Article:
By John Wasik
CHICAGO Dec 14 With China, Brazil and India
hitting icy patches on their economic growth paths, investing in
even younger emerging markets looks promising.
The so-called "frontier" economies offer diversification and
profit opportunities as big global investors look for low-cost
labor and resources. Most of these 25 or so countries won't
appear on most individual investors' radar screens, though. They
range from Bangladesh to Vietnam and are expanding due to
industrialization or global demand.
Vietnam, for example, benefiting from normalized relations
with the U.S. and membership in the World Trade Organization, is
one of the only Asian countries to have grown faster than China
since 2000, according to the McKinsey Global Institute. The
country's manufacturing sector alone grew at a 9-percent annual
compounded growth rate from 2005 to 2010.
Part of the appeal of frontier markets is their growing
younger populations, which produce a "demographic dividend" that
allows for competitive labor rates. Many of these countries are
also blessed with natural resources from land to oil, which is
the case in sub-Saharan African countries like Ghana, Nigeria
and Kenya. Even established Gulf states such as Kuwait and Qatar
Commodity demand from the largest developing countries such
as China and India will focus even more attention on the
frontier countries. China has become the largest single trading
partner of African countries as well as South American nations
such as Brazil and Chile. Ultimately, China's growing middle
class and industry will tap every country for resources like
copper, iron ore, coal and other metals.
While the future opportunities are numerous, the vehicles
available to invest in frontier markets are few. There are
several single-country, exchange-traded funds available and two
index funds, but they pose a number of problems.
Two frontier index funds - Guggenheim Frontier Markets ETF
) and the iShares MSCI Frontier Index Fund - rely
upon capitalization-weighted indexes that concentrate holdings
in a handful of small countries. Some of the indexes used to
track frontier markets are too heavily skewed to a handful of
countries to be able to claim the mantle of diversification.
The FTSE Frontier 50 Index, for example, has 46 percent of
its weighing in Nigeria and Qatar. The next-largest stake is
Kenya, at 9 percent as of Oct. 31. As a result, the indexes
don't provide a broad-enough basket of country representation.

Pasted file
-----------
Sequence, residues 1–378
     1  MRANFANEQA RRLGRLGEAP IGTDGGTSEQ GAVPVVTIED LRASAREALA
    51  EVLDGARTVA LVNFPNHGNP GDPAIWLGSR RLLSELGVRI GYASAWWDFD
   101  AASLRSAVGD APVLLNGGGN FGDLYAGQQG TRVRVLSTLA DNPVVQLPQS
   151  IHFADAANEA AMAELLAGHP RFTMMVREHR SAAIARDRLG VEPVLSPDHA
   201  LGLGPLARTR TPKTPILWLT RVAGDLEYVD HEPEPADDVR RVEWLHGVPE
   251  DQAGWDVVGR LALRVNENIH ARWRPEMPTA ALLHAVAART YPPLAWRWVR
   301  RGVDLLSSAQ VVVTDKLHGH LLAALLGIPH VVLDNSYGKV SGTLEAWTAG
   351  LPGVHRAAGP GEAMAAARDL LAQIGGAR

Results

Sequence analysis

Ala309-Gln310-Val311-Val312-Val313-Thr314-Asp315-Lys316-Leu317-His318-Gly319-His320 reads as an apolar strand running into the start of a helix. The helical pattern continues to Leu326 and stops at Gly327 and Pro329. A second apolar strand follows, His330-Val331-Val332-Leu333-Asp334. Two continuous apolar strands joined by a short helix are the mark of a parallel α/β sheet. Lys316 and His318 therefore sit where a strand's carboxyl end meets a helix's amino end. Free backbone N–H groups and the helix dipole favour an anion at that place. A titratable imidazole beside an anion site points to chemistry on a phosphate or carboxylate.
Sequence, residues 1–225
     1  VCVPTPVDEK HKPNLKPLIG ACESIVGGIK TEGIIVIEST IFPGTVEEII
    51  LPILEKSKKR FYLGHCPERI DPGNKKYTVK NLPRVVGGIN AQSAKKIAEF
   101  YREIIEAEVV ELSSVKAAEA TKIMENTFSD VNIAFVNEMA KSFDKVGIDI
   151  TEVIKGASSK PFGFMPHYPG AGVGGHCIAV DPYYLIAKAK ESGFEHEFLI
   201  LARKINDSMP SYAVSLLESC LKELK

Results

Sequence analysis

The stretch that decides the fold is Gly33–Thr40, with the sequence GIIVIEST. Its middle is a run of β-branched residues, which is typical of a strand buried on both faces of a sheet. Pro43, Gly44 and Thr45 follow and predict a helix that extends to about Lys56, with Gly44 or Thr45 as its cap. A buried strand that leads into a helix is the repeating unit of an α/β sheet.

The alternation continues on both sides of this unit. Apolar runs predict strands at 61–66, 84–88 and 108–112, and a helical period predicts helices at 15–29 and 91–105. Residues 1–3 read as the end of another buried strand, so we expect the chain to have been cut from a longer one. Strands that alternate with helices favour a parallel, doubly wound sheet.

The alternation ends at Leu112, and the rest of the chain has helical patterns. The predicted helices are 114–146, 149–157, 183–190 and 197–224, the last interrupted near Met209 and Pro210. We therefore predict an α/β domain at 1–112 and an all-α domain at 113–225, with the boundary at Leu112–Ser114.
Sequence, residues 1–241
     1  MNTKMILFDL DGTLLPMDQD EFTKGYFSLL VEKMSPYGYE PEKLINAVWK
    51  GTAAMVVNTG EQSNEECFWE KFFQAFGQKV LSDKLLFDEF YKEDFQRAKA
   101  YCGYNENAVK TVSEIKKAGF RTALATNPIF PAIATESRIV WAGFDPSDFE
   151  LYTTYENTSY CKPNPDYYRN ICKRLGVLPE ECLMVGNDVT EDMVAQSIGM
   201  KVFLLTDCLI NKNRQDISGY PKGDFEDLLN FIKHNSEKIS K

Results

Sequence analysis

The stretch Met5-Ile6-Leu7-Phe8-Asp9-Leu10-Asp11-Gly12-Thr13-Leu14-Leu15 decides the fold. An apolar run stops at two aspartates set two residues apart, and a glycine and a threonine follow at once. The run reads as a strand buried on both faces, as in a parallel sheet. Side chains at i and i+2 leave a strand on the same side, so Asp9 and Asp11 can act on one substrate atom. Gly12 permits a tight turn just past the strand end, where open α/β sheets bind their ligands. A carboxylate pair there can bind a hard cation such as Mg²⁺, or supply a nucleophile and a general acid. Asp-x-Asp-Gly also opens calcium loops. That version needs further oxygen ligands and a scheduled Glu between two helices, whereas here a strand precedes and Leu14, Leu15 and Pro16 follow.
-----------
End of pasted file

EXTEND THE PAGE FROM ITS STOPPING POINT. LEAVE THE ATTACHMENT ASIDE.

The iShares fund, for example, has nearly half of its
holdings in Kuwait and Qatar. Although those oil-rich countries
will benefit from higher petroleum demand and prices, they
concentrate risk in two countries and one region. The Guggenheim
fund, in contrast, puts more than half of its assets in Chile
and Colombia, although it owns smaller stakes in Egypt, Peru,
Argentina and Kazakhstan. Almost one half of the fund is
invested in financial and energy stocks.
Actively managed funds may offer some better opportunities.
Since the companies being eyed are thinly traded and researched
relative to global mega-caps, specialty managers might provide
The Templeton Frontier Markets A fund, led by
manager Mark Mobius, invests across 11 sectors in 10 regions
with three quarters of its holdings in emerging Africa, Europe
and the Middle East. The fund is up more than 22 percent
year-to-date through Dec. 12, compared to an 11-percent return
for the Guggenheim fund. The iShares fund, which has only been
in existence since Sept. 12, is up about 3 percent for the past
The main drawbacks of the Templeton fund are its costs.
There is a 5.75-percent sales charge for the fund's "A" shares
as well as high management expenses -- 2.15 percent annually --
and 0.3-percent so-called 12b-1 marketing and distribution fee.
("A" class shares typically carry front-end commissions.)
As with many vehicles in emerging markets, frontier fund
returns show a dramatic amount of volatility. The Templeton
fund's best year was in 2009 -- a rebound year from the debacle
of 2008 -- when it returned almost 44 percent. The fund gained
almost 19 percent in 2010 before losing nearly the same amount
Political risk will also roil the frontier markets. It may
be some time before political stability comes to nations like
Nigeria, Egypt, Pakistan and South Africa. As frontier economies
have a symbiotic relationship with developing and mature
countries, they also get a flu when their largest customers
sneeze. Nearly all of developing Africa, Southeast Asia and
South America will feel the adverse impact of a sluggish China
or United States. The stock markets in the frontier nations are
also not as robustly regulated nor as heavily traded as they are
in developed countries, so that's another caution.
Frontier markets should be part of a larger strategy to
globalize your portfolio away from northern, slower-growing,
older countries -- think Europe and Japan -- into younger
countries that are mostly in the Southern Hemisphere. This
"youth movement" may not show immediate gains, but should show
long-term rewards as resources become even-more valuable
commodities as the world's population soars.